there is one sorrow that every heart must experience—a sorrow which our dear Lord drank deeply, the contradiction of sinners. We must endeavour so to conduct our little bark through the waves of this turbulent world, as to give as little occasion of offending as may be. But, my dear

young friends, rely upon it, however for å time the sunshine of prosperity may cheer your path, there is that hatred in the world to all that is holy, that even your careful walking will be an offence, your religion hypocrisy, and you must get yourselves, in these hours of sorrow and affliction, to your strong hold. Now observe the blessing whereunto you may always resort.”

The reader will, perhaps, think there was something gloomy in this address of Mr. W.'s, and that he was anticipating evil, when he should have only touched gay subjects; but the fact was, he was not well"; he had experienced ingratitude from those he had obliged, and he looked upon Michael as an untried voyager, and was willing to prepare him for the ills of life. We do not pretend to defend this anticipation of evil, but it is natural to the experienced voyager to point out the shoals and the quicksands. But it was evident that Sophia, the young and lively Sophia, thought that papa looked on life with a

gloomy eye. She looked on Michael, and said, “ Poor dear papa, he has not been well lately, Mr. Kemp.”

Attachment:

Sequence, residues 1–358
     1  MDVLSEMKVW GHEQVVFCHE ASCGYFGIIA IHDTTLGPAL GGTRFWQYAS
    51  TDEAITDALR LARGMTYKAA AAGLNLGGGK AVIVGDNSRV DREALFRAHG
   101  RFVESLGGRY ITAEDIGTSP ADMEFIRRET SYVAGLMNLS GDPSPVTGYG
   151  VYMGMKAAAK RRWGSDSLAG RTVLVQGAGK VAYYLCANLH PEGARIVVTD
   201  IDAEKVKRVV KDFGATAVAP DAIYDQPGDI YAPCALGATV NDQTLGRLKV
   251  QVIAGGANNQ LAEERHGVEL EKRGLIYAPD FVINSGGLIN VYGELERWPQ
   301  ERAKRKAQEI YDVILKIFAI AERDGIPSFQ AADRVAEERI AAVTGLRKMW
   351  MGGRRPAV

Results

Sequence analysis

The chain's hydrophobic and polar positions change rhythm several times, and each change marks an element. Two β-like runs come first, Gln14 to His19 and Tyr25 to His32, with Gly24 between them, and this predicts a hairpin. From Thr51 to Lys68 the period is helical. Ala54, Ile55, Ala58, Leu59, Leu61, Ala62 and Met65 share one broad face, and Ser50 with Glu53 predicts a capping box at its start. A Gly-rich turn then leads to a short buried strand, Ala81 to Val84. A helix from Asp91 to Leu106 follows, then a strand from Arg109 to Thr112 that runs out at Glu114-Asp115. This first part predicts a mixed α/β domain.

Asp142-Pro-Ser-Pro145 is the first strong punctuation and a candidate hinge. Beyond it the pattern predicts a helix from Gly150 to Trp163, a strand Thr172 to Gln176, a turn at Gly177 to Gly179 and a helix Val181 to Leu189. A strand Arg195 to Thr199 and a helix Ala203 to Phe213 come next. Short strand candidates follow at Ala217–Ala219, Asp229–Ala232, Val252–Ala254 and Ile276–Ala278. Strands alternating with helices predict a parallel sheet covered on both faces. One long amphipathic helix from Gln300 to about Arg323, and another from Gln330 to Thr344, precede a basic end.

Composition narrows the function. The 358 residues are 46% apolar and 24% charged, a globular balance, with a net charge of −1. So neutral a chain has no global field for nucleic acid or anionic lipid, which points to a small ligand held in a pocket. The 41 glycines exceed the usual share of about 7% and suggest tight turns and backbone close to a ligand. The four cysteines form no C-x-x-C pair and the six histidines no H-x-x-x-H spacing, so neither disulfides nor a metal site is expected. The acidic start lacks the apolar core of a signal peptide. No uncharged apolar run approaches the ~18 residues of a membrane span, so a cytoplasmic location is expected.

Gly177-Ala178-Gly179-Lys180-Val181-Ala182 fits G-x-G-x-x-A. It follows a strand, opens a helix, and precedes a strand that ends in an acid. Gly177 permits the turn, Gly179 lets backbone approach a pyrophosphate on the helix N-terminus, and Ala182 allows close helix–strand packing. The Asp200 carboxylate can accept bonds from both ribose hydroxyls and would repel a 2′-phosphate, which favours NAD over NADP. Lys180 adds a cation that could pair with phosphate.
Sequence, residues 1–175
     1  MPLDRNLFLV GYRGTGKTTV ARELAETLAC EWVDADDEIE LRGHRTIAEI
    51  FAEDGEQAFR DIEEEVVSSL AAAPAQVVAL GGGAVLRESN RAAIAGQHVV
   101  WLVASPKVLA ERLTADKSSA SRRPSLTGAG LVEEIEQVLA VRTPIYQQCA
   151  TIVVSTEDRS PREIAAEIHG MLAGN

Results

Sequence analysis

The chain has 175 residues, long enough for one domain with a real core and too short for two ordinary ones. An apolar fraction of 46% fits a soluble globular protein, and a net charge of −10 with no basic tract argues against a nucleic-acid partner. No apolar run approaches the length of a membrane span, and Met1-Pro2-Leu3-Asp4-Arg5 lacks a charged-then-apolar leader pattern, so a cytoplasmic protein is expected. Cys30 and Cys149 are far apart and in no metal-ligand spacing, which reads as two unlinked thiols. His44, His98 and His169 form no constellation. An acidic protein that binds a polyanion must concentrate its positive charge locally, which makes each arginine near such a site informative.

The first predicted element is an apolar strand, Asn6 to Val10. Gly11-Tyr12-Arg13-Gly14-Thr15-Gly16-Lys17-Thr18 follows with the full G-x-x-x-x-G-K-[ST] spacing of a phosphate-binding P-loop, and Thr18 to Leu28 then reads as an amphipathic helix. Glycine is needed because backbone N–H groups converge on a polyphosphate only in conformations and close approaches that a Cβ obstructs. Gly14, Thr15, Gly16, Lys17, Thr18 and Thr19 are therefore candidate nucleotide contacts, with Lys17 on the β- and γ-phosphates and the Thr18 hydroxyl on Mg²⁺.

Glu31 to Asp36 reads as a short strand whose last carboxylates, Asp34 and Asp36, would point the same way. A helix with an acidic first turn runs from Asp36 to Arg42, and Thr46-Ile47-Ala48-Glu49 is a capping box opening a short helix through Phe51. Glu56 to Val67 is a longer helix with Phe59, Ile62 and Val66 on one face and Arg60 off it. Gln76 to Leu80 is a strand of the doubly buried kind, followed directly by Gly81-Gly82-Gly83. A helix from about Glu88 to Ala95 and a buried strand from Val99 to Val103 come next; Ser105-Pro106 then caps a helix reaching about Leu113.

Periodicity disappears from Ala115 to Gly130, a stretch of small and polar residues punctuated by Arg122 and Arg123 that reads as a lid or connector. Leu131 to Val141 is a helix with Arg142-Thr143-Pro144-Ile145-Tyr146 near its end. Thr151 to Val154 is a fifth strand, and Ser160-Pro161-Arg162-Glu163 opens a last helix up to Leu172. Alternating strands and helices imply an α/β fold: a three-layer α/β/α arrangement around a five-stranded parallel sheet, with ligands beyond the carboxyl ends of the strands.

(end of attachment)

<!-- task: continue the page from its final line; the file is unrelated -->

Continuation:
My dear child,” replied her father, “I am much better; and it is not as you think, Sophy, illness, that makes me give this caution to my young friends; as yet, they are fair weather sailors." Esther shook her head.

Well, if not,” said Mr. W. smiling, “ at least, my dear, you have borne the yoke in your youth."

By this time Mrs. W. joined them, and Sophia said, “ Dear papa is very low today, mamma.” His dear wife sat down by him, took his hand in hers, and in a voice heard by none but her beloved partner, whispered, As thy day is, so shall thy strength be.” And again,

" I will strengthen thee, and uphold thee with the right hand of my righteousness.” Their time passed now in communications upon the part of Michael, on some little disagreeables in his parish : his farm lay at a distance from the others, and as the reader well knows, it was hilly; and, in the late determination to repair the roads, some of the farmers had observed that the road to Mr. Kemp's farm was of no good to any but himself; and then another said, that it was making them a quarter of a mile of road to go to see Mr. Kemp. “But then,"